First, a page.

South China Morning Post Article Says New HK Companies Ordinance Should Boost Competiveness

Here’s the article and link….

After years of joint efforts by the government and the market, the new Companies Ordinance will come into operation on Monday. It is the right time to revisit what it means to Hong Kong and to businesspeople looking to form a company, to a director, a shareholder or a member of the public.

The ordinance will bring about changes to enhance corporate governance, ensure better regulation, facilitate business and modernise the law.

Hong Kong is now home to well over 1.1 million companies, and an average of 700 are being formed each day.

All these companies, as well as countless members of the public dealing with them, will benefit from the modernised regime.

For a businessman looking to incorporate a company, the new ordinance will make the process more convenient. A common seal will no longer be mandatory, and there will be model articles of association for different types of companies to adopt. This will save time and effort for founders as they pursue business opportunities.

For existing and new companies, the legislation will reduce their compliance cost. For example, companies may dispense with annual general meetings with unanimous shareholders’ consent. More companies will be eligible for simplified financial reporting. And there will be comprehensive rules to facilitate electronic communications between companies and their shareholders. There will be a new requirement for larger companies to feature an analytical and forward-looking business review in their directors’ reports, to give shareholders more information on the significant issues, including environmental and staff matters.

Shareholders will also have more chances to participate in the decision-making process, as the threshold for them to demand a poll at annual general meetings will be lowered.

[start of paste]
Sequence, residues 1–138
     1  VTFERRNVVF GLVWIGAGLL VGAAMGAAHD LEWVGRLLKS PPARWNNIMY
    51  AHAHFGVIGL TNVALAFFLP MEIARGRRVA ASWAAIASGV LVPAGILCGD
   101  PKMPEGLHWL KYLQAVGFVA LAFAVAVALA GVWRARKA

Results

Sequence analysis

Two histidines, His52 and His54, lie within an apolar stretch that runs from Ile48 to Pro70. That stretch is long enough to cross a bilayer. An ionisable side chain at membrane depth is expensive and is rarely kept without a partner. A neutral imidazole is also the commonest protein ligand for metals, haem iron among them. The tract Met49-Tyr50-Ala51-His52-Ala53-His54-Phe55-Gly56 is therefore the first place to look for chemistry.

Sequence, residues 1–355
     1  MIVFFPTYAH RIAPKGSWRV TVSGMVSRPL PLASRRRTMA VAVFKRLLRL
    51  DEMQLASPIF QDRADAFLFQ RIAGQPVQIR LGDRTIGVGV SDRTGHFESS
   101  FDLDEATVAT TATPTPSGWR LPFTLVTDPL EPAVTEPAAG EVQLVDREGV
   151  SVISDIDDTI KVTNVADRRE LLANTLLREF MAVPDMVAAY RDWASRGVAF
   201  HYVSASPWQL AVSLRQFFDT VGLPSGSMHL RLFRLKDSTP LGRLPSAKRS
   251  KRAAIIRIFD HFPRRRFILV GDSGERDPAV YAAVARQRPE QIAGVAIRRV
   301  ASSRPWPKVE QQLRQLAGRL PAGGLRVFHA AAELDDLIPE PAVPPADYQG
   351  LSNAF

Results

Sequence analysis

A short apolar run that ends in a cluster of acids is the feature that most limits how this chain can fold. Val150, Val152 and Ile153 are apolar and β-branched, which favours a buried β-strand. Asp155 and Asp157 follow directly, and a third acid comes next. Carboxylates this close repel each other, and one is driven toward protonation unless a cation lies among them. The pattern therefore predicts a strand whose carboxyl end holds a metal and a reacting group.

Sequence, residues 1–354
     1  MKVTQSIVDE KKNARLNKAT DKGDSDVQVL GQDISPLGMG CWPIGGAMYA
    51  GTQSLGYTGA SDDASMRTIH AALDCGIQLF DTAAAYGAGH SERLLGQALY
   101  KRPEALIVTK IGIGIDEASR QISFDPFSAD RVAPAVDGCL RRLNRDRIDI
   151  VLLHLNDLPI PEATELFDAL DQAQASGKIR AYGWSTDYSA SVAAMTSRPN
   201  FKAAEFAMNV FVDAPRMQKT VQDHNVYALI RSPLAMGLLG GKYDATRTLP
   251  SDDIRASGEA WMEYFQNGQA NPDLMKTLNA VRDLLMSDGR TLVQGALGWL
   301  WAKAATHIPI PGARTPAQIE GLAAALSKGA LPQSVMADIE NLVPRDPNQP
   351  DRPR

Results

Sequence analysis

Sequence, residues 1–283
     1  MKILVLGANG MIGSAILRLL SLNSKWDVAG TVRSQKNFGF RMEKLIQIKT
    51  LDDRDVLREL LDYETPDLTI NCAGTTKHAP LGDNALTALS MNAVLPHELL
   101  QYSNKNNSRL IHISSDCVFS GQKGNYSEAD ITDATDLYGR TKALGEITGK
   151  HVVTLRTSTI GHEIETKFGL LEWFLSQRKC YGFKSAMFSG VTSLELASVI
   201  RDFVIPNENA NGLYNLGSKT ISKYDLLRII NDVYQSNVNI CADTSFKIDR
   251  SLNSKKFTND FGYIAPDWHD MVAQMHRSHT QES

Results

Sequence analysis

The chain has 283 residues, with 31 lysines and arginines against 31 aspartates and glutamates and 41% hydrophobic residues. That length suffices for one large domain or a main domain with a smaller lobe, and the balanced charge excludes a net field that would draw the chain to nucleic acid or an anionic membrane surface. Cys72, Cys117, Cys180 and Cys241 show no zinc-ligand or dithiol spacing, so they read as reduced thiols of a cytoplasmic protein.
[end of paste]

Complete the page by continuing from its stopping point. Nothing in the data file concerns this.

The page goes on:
One significant change concerns the protection of minority shareholders’ interests: the “headcount test” will be replaced by a new test for schemes of arrangement involving a general offer or a takeover offer.

The new test sets a high threshold for a scheme to be passed by shareholders – only if, disregarding the votes of the proponent and his associates, the votes against amount to not more than 10 per cent of the shares.

The new test will not only avoid the inherent deficiencies of the “headcount test”, such as share-splitting, but will also provide effective protection for minority shareholders’ interests.

As an additional safeguard, the new ordinance will allow a dissenting shareholder to challenge the scheme in court without worrying about the legal costs, unless the challenge is frivolous or vexatious.

For directors, the new ordinance will clarify the duty of care, skill and diligence expected of them to facilitate compliance. There will also be more effective rules on fair dealings by directors.

In particular, director employment contracts that exceed three years will have to be approved by shareholders. For directors of public companies, the duty to declare an interest to other directors will be extended.

All these changes will help enhance the accountability of directors and corporate governance and will, in turn, improve protection for shareholders.

The new ordinance will also benefit members of the public.

It will enhance the Companies Registry’s power and ensure members of the public have access to accurate and updated information about companies.

The ordinance will mark a new era of Hong Kong’s company law, and enhance the city’s competitiveness as an international financial and business centre.

Professor K.C. Chan is secretary for financial services and the treasury